Volume 2, No. 2 • Summer 1987

Technical Topics

David E. Lees, M.D.

Is Your Central Gas Supply Tamper-Proof?

The mere presence of a skilled and certified anesthesia practitioner at the head of the operating table surrounded by the most advanced space-age monitoring can not by itself guarantee patient safety. The “technoglitz” of modern monitoring notwithstanding, patient safety, much like good detective work requires more perspiration than inspiration; it is a function of vigilance, planning, and training. Unfortunately, all too often, the operating room may be at the mercy of events that occur elsewhere in the hospital.

Recently, an employee of a hospital was interrogated by the police and later suspended after allegedly twice tampering with valves that regulated the pressure and quantity of nitrous oxide provided to an operating suite by a bank of cylinders. No patients were injured by the pipeline pressure fluctuations and at the time of the tampering, the pressure alarms promptly alerted the staff.

In a similar case, the main oxygen shut-off valve located in the hospital laundry room, was accidentally closed by an employee who thought that it controlled the central heating! A nearby sign identifying it as the main oxygen shut-off valve apparently went unheeded. Low pressure alarms functioned properly and alerted hospital personnel. The employee, sensing something was wrong, fled the scene. While there were no reports of problems in the operating rooms, several newborn infants were deprived of oxygen for several minutes, according to official reports of the event.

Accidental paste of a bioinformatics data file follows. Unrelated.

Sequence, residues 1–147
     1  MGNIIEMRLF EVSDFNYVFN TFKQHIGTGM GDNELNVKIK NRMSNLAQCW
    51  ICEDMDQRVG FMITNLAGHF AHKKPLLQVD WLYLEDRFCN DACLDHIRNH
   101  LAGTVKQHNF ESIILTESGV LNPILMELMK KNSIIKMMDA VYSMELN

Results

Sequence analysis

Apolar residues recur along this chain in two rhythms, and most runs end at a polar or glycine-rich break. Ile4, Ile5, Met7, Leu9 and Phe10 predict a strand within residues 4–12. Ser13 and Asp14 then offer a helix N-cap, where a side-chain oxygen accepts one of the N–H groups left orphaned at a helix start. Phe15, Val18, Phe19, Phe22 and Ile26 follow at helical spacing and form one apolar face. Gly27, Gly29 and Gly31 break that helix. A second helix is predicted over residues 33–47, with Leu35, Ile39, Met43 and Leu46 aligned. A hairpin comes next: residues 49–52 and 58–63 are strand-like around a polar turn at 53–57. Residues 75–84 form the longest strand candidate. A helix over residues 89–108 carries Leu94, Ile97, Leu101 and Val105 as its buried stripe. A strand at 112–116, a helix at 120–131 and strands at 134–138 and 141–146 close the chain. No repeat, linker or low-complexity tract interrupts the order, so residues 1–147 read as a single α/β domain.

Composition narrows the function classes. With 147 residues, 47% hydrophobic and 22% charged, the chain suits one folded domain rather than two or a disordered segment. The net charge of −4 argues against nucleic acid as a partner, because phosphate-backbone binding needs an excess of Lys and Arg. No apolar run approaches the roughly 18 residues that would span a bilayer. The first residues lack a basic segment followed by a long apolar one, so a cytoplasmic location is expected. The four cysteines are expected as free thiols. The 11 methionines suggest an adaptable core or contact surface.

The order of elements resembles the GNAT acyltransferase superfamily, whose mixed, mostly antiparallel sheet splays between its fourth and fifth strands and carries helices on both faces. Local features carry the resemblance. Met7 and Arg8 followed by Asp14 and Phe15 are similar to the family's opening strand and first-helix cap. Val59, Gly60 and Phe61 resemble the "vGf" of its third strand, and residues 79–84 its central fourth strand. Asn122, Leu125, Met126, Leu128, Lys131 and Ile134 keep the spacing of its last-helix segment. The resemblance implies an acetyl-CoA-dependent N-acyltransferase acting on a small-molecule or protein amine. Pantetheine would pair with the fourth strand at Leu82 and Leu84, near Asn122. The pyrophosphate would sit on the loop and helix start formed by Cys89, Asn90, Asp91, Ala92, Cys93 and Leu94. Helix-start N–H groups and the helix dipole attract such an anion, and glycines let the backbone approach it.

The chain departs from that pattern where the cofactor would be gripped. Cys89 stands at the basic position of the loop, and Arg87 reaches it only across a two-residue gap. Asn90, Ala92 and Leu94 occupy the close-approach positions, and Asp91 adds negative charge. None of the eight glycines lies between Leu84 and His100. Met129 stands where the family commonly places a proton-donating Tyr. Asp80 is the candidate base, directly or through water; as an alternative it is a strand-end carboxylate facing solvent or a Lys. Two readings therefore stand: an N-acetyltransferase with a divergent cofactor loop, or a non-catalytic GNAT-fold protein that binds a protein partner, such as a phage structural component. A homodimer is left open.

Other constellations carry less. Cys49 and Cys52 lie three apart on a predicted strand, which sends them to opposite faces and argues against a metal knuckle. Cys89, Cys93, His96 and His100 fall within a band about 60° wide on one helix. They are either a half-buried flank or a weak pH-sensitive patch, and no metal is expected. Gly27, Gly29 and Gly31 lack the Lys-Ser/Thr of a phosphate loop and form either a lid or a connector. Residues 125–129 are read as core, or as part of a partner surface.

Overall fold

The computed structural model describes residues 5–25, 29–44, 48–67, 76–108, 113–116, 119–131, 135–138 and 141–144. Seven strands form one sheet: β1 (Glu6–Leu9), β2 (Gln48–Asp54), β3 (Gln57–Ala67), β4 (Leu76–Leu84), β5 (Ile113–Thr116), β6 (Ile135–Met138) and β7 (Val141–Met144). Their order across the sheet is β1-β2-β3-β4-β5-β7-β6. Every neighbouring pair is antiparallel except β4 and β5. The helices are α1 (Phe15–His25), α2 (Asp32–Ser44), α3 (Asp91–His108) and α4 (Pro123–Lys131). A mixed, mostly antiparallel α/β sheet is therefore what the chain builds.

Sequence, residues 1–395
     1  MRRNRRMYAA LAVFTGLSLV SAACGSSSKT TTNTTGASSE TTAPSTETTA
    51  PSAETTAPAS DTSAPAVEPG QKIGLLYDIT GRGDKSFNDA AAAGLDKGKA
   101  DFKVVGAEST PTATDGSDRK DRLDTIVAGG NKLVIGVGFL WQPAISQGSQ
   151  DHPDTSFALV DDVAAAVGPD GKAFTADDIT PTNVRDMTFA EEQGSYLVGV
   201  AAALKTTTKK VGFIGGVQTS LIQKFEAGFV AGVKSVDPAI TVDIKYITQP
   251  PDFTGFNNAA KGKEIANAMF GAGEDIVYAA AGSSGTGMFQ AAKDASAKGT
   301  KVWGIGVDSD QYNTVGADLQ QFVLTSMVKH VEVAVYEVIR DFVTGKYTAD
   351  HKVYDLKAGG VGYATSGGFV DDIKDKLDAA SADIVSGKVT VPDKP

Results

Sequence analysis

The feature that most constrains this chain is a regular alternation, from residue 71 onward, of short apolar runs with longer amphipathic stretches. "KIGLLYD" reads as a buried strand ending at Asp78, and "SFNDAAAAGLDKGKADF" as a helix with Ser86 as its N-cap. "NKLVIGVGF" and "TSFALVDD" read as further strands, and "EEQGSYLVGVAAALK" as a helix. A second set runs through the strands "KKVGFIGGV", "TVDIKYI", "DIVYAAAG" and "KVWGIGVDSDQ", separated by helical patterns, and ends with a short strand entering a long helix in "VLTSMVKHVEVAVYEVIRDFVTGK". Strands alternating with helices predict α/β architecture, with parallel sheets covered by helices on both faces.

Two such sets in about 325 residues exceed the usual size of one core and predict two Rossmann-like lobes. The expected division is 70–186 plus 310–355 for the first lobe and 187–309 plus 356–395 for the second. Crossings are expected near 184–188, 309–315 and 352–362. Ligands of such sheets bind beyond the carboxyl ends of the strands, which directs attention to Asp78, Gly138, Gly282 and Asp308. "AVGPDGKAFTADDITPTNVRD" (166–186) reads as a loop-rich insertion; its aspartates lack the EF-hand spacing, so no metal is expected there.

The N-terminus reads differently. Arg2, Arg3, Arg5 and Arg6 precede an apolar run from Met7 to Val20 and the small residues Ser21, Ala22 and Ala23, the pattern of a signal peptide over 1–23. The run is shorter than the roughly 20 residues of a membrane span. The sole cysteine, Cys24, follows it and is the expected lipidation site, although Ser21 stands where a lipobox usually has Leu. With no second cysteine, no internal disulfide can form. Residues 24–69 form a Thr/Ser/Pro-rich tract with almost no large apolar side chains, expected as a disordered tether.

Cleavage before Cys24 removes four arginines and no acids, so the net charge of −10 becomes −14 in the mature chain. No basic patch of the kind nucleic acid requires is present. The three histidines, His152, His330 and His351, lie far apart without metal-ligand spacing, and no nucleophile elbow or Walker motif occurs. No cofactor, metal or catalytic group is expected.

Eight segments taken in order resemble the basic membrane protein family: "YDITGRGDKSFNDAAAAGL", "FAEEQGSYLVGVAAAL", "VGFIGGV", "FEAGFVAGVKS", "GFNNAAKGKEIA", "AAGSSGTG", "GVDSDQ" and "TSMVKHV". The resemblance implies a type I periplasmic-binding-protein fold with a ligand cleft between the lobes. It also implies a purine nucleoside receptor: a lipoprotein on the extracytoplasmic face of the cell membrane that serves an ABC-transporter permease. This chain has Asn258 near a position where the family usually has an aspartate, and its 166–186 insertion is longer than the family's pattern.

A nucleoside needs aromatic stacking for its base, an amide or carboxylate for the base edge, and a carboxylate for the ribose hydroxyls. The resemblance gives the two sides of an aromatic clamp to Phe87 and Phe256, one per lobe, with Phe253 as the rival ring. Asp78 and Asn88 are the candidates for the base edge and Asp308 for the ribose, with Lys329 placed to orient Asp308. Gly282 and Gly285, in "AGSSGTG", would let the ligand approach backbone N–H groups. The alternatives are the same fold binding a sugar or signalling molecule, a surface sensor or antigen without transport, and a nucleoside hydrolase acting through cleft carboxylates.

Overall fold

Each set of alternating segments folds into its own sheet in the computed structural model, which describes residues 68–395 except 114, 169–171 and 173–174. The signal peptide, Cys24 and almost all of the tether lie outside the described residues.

These two “near misses” demonstrate that patient safety requires more than just bedside skills. The recent shift in emphasis from environmental safety affecting all patients to issues of individual patient safety in a one-on-one setting should not lessen the importance of the former; rather it acknowledges that all anesthesia personnel now are expected to be familiar with the standards enforced by local jurisdictions and national accrediting bodies, such as the I.C.A.H.

It may be timely, however, to see if you can answer the following questions about your institution: 1) Is access to the shut-off valves properly controlled and locked?, 2) Are the supply systems in dedicated rooms or structures and not shared with the laundry?, 3) Can you locate the “emergency low pressure gaseous oxygen inlet” in the central patient gas supply? 4) Do you know where the two master alarm signal panels are as well as the area alarms for all anesthetizing locations? How recently were they tested?

For guidance in this area, anesthesia personnel have traditionally looked to the National fire Protection Association which in the past has issued pamphlets on the safe use of inhalation anesthetics (56A), non flammable medical gas systems (56F), emergency power (76A) and the safe use of electricity in patient care areas (76B) to mention but a few of their publications of importance to anesthesia. Recently, however, the N.F.P.A. has combined them into one authoritative manual entitled “NFPA 99-Health Care Facilities, 1987 Edition”. This document (NFPA U8-99-87) should be in the library of all anesthesiologists and anesthetists; it may be obtained from the N.EP.A., Batterymarch Park, Quincy, MA 02269-9904 for S 17.50 plus a $2.85 handling charge. Monitoring may detect a problem, but knowledge can prevent one!

Topic Prepared by David E. Lees, M.D., Professor and Chairman, Department of Anesthesia, New York Medical College and a member of the APSF Newsletter Editorial Board.